42. The Federal Court of Australia commented on the meaning of export in Australian Trade Commission v. Goodman Fielder Industries Ltd (1992) 36 FCR 517. At page 523, Beaumont, Gummow and Einfeld JJ stated:

The ordinary meaning of 'export' is to send commodities from one country to another using the verb 'send' as indicating that which occasioned or brought about the carriage of the commodity from one country to another.

43. The Supreme Court of the Northern Territory has considered the term export in the context of the Customs Act, where, like the WET Act, the term is not defined. In Wesley-Smith and Ors v. Balzary (1976-77) 14 ALR 681 Forster J said at page 688:

Export in the first sense no doubt means taking goods out of a proclaimed port or across a low water mark with the intention of landing them at some place beyond the seas.

44. The Commissioner considers that the ordinary meaning, as commented upon in these cases, applies to the use of the word 'export' in the WET Act. A New Zealand producer exports wine to Australia when the wine is physically taken out of New Zealand with the intention that the wine be landed in Australia.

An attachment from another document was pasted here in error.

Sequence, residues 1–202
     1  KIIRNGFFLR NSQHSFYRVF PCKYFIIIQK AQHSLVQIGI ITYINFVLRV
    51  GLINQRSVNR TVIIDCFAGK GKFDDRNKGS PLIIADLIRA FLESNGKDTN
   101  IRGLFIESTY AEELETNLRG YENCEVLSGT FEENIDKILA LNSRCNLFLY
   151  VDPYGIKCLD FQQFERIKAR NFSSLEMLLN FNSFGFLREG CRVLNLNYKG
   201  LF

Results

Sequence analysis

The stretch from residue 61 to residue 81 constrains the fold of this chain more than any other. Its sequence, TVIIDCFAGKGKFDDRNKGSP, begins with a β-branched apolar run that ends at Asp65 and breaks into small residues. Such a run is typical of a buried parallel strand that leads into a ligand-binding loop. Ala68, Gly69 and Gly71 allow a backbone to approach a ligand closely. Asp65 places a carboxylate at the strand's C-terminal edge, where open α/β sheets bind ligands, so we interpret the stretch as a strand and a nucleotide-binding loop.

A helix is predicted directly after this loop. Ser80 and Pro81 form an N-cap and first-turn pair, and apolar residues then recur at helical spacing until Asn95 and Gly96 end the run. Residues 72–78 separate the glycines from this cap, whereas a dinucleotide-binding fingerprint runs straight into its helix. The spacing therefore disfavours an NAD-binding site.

Meaning of Australia

45. Because a New Zealand wine producer must produce rebatable wine that has been or is likely to be exported to Australia to be eligible for approval as a New Zealand participant, it is necessary to establish what constitutes 'Australia'.

46. 'Australia' is defined in the WET Act by reference to section 195-1 of the A New Tax System (Goods and Services Tax) Act 1999 (GST Act).

47. Australia is defined in section 195-1 of the GST Act as follows:

Australia does not include any external Territory. However, it includes an installation (within the meaning of the Customs Act 1901) that is deemed by section 5C of the Customs Act 1901 to be part of Australia.[18]